Property prices in the UK are falling both monthly and annually, with an average value of £214,745, according to the latest lender index.
Price growth in the 12 months to August 2018 fell to 2% from 2.5% in July and month on a month values were down by 0.5%, the biggest monthly fall since July 2012, the data from Nationwide shows.
However, Robert Gardner, Nationwide’s chief economist, pointed out that annual house price growth remains within the fairly narrow range of 2% to 3% which has prevailed over the past 12 months, suggesting little change in the balance between demand and supply in the market.
‘Looking further ahead, much will depend on how broader economic conditions evolve, especially in the labour market, but also with respect to interest rates. Subdued economic activity and ongoing pressure on household budgets is likely to continue to exert a modest drag on house price growth and market activity this year,’ he explained.
‘Borrowing costs are likely to remain low. Overall, we continue to expect house prices to rise by around 1% over the course of 2018,’ he added.
The unpredictable housing market is also to blame for the slowdown in the rate of UK house price growth, according to Russell Quirk, chief executive officer of Emoov.
‘This is the largest monthly decline in over six years and while the monthly measurement can be erratic it highlights the volatility of the current landscape, with a number of industry sources reporting huge swings in both positive and negative movement from one month to the next,’ he pointed out.
‘This is largely due to the subdued level of activity from both buyers and sellers with even the slightest uplift impacting the top line figures. In the short term, we will probably see the market remain unsettled over the coming months, but the broader picture is that house prices are still within the two to three percent range and in line with industry expectations,’ he added.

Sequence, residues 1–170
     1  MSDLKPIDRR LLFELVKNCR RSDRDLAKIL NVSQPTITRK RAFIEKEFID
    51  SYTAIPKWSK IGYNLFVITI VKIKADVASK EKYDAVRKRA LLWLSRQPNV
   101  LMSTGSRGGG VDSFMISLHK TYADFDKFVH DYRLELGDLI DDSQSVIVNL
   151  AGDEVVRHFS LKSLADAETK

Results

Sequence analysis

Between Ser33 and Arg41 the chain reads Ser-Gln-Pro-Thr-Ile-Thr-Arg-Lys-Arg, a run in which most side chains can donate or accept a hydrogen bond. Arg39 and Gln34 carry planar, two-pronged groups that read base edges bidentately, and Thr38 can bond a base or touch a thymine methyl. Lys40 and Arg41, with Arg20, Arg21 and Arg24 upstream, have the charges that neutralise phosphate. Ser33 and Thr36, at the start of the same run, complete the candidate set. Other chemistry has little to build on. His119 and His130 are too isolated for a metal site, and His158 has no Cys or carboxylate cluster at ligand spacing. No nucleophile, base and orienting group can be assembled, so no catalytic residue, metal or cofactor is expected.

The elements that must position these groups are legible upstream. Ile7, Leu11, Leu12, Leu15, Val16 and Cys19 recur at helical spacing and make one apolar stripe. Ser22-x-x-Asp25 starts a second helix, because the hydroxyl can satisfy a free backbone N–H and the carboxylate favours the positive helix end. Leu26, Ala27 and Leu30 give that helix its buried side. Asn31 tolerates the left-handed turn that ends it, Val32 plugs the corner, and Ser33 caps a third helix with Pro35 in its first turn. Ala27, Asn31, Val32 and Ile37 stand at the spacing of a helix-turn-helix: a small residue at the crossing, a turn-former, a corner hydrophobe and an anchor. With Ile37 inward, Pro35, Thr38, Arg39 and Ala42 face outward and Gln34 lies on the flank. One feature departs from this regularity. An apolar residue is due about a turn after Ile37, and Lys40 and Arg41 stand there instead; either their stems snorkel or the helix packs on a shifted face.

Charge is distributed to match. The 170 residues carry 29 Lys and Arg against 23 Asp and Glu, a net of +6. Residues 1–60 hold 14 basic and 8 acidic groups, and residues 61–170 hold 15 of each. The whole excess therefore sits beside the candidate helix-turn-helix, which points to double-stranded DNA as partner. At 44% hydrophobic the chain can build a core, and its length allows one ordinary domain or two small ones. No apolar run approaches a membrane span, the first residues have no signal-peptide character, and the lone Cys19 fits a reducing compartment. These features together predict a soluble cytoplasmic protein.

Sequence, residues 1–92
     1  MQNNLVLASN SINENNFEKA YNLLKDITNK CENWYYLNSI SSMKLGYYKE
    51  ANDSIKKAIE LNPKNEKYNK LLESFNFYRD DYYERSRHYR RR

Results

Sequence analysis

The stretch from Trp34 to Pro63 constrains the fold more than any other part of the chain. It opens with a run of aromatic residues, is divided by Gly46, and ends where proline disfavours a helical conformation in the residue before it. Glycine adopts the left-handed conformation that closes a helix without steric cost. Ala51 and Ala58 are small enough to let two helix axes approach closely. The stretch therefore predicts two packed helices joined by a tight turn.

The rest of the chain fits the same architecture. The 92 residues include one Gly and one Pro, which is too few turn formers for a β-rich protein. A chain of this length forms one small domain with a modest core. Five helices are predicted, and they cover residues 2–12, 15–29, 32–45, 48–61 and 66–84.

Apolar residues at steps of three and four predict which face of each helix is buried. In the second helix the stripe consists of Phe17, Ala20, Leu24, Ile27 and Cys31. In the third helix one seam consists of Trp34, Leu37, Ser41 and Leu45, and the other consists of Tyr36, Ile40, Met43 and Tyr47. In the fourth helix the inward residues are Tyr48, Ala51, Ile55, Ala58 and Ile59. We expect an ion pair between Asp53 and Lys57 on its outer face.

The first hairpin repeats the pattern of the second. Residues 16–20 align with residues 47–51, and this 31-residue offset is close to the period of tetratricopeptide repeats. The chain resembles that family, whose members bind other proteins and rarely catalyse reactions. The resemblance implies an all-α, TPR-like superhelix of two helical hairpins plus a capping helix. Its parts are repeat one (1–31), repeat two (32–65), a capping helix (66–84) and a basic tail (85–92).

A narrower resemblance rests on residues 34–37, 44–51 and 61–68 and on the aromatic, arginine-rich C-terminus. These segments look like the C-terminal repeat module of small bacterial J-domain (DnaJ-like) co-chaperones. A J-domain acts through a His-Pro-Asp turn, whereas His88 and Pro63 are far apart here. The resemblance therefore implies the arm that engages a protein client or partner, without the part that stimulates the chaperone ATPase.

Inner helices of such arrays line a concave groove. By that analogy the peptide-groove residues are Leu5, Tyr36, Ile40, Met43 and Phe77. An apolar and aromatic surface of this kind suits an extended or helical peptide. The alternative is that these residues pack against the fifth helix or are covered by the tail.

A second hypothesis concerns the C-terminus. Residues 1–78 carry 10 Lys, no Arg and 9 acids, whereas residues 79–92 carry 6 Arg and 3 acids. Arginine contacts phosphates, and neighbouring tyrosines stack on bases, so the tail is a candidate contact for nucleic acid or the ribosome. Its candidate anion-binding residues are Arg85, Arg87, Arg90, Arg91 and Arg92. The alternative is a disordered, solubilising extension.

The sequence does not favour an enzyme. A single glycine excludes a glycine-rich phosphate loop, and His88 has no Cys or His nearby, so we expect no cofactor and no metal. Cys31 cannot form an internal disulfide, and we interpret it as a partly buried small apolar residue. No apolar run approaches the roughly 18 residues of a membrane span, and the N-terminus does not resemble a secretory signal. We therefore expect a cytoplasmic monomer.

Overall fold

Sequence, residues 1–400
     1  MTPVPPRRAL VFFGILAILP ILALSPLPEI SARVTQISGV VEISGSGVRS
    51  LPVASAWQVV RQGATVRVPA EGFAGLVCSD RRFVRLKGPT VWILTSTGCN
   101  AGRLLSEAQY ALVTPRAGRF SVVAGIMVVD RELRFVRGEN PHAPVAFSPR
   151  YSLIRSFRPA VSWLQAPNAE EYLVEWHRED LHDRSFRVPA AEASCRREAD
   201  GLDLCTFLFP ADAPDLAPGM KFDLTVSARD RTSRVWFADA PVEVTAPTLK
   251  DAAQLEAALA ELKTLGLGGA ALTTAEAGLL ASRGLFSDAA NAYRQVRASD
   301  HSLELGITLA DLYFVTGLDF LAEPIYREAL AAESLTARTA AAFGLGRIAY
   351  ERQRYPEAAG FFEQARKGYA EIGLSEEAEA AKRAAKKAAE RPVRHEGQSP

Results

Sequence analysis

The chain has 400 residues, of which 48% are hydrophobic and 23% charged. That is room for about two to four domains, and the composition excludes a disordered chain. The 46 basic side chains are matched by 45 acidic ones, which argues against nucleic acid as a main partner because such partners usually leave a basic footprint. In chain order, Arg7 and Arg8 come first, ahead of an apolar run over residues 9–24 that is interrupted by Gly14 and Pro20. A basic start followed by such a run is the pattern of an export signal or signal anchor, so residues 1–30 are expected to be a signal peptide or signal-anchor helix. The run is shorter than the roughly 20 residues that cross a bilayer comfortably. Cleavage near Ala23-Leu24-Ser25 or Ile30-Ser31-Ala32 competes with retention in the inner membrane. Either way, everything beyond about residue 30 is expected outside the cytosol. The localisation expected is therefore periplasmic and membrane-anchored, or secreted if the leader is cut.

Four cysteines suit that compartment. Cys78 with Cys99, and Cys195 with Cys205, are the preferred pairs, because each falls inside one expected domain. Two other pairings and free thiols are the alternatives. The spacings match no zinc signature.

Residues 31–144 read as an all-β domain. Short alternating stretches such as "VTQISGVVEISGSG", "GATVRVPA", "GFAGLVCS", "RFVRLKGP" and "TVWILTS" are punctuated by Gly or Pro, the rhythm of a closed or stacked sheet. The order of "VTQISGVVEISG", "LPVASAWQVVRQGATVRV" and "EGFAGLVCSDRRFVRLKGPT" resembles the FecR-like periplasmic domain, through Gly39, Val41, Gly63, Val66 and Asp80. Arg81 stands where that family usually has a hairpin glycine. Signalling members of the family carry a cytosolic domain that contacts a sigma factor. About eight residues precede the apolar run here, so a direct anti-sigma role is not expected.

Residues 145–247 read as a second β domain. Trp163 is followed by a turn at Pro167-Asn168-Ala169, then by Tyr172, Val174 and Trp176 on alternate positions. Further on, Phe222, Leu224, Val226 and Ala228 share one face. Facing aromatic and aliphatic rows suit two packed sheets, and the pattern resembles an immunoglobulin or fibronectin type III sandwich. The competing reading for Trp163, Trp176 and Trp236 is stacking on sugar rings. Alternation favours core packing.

‘The continued lack of stock to satisfy buyer demand will help maintain this level of growth and ensure prices remain fairly buoyant and so we won’t see any drastic decline in prices,’ he concluded.
Andy Soloman, chief executive officer of Yomdel, believes an unstable economy is to blame and when a more positive outlook occurs to buyers and sellers a continued imbalance of stock available to meet current demand should see price growth pick up in the short term.
‘However, with more interest rates increases on the way at some point down the line and the final Brexit deal still to be negotiated, any positive outlook could soon be overshadowed,’ he said.
Ishaan Malhi, chief executive officer of online mortgage broker Trussle, also thinks that there will be challenges ahead. ‘Falling house prices pose the risk of negative equity for anyone with a large amount of debt attached to their home, which can prevent home owners from being able to move or remortgage,’ he said.
‘Those on variable rate mortgage deals will have also seen their monthly repayments increase following the recent base rate hike. If you’re on a variable rate mortgage, it’s worth investigating whether you could switch to a better deal,’ he added.